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A recurring outbreak of Shigella sonnei among traditionally observant Jewish children in New York City: the risks of daycare and household transmission

Published online by Cambridge University Press:  20 April 2006

V. GARRETT
Affiliation:
Centers for Disease Control and Prevention, Atlanta, GA, USA
K. BORNSCHLEGEL
Affiliation:
New York City Department of Health and Mental Hygiene, New York, NY, USA
D. LANGE
Affiliation:
Centers for Disease Control and Prevention, Atlanta, GA, USA
V. REDDY
Affiliation:
New York City Department of Health and Mental Hygiene, New York, NY, USA
L. KORNSTEIN
Affiliation:
New York City Department of Health and Mental Hygiene, New York, NY, USA
J. KORNBLUM
Affiliation:
New York City Department of Health and Mental Hygiene, New York, NY, USA
A. AGASAN
Affiliation:
New York City Department of Health and Mental Hygiene, New York, NY, USA
M. HOEKSTRA
Affiliation:
Centers for Disease Control and Prevention, Atlanta, GA, USA
M. LAYTON
Affiliation:
New York City Department of Health and Mental Hygiene, New York, NY, USA
J. SOBEL
Affiliation:
Centers for Disease Control and Prevention, Atlanta, GA, USA
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Abstract

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Dispersed community outbreaks of Shigella sonnei have occurred cyclically among traditionally observant Jews in the United States. In February 2000, we investigated a S. sonnei outbreak in one Jewish community in New York City. To determine risk factors for introduction of infection into households, we conducted a cohort study of households to compare risk factors for illness among primary subjects within households and age-matched well siblings. Isolates were subtyped by pulsed-field gel electrophoresis (PFGE). We used a random effects model to assess extra-household vs. intra-household transmission in households with multiple ill household members. Daycare or pre-school attendance [matched odds ratio (mOR) 16·1, P<0·001] and age <60 months (mOR 6·3, P<0·001) were independently associated with index subject illness. Outbreak isolates were closely related by PFGE analysis to the strain previously observed in Jewish community outbreaks. The random effects model strongly indicated that multiple illnesses in a single household are due to secondary transmission. Disease containment efforts should focus on reducing Shigella transmission in childcare settings and within homes.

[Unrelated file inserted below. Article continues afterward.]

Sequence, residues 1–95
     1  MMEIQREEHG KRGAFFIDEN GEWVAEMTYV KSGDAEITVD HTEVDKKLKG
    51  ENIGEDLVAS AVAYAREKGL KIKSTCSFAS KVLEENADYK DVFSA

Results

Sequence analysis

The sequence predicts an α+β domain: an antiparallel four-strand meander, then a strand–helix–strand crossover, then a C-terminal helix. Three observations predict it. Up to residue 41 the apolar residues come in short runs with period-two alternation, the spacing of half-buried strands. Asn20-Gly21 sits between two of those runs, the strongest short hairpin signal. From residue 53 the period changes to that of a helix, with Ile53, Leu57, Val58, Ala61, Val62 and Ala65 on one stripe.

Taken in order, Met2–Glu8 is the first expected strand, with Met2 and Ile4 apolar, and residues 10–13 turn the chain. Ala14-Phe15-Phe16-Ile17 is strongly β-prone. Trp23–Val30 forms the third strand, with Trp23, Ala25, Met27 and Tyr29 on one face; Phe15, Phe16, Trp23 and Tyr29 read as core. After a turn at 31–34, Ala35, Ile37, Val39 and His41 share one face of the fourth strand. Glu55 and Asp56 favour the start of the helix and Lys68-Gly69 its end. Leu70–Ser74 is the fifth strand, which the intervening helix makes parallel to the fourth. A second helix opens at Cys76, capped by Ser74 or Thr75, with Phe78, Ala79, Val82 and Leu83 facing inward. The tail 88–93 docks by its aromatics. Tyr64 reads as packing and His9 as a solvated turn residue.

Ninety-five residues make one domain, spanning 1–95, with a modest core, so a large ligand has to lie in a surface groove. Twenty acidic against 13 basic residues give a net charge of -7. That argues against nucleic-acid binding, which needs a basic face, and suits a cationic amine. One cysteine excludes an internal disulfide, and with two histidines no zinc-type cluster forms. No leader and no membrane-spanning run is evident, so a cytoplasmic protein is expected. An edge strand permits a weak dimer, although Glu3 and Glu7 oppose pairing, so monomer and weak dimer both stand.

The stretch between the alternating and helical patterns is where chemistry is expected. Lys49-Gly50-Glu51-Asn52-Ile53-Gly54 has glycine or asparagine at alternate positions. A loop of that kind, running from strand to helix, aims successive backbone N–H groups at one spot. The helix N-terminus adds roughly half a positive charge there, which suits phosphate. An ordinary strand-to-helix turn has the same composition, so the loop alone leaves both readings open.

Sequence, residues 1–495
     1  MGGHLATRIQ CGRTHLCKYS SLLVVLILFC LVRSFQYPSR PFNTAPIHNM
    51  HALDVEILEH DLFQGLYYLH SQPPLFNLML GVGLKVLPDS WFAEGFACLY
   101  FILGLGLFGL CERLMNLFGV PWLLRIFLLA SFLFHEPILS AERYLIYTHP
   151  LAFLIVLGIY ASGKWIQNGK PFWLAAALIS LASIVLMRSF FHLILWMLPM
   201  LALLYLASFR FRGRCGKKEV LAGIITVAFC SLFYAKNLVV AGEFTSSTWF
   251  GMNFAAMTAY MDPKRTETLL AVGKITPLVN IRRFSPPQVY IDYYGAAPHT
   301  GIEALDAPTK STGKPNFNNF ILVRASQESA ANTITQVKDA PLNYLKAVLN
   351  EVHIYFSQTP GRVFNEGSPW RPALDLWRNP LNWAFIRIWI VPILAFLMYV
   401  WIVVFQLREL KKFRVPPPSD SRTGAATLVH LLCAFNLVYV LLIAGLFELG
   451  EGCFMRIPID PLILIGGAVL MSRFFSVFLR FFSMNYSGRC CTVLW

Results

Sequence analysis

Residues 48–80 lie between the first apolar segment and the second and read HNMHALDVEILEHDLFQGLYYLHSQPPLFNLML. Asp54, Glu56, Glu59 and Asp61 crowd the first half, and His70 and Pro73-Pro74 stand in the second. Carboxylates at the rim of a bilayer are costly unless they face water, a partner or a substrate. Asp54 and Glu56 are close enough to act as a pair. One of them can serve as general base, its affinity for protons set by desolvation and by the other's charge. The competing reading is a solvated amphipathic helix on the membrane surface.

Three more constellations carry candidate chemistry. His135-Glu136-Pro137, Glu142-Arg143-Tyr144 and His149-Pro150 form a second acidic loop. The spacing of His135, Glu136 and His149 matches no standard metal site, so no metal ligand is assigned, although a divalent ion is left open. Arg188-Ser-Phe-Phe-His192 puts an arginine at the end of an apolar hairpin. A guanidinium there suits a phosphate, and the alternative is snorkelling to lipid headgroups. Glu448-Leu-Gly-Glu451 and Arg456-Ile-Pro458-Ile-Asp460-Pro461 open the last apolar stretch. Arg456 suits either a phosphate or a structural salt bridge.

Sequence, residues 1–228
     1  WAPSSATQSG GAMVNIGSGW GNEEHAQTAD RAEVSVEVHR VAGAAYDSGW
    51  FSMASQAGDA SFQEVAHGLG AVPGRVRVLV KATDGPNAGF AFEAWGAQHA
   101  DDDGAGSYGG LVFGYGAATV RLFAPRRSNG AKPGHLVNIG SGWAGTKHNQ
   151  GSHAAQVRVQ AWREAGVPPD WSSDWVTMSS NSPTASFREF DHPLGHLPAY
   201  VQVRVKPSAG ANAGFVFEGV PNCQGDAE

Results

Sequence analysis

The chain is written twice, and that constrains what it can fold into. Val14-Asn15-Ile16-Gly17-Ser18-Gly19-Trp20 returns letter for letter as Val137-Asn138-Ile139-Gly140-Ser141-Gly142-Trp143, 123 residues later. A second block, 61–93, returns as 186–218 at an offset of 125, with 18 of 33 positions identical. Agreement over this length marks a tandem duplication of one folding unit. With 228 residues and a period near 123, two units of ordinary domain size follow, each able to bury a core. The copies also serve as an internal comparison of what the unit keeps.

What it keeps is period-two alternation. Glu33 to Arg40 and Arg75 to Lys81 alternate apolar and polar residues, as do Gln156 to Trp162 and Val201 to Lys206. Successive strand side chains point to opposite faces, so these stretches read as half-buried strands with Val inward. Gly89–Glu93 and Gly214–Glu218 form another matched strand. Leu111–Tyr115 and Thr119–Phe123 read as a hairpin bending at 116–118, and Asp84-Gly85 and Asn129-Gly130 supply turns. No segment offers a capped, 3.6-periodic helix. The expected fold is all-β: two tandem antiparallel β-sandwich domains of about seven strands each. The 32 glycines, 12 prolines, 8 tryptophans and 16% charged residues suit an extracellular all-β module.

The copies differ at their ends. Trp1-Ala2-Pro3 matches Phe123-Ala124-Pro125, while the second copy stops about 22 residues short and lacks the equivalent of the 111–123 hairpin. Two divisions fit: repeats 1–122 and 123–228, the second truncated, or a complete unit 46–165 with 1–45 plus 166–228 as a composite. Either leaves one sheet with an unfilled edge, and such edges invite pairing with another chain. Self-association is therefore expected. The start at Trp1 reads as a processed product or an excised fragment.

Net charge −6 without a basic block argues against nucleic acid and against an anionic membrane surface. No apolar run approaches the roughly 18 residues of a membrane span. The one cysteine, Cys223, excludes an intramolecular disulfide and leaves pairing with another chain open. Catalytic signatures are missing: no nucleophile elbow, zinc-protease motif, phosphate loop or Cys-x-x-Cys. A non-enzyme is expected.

Type
Research Article
Copyright
2006 Cambridge University Press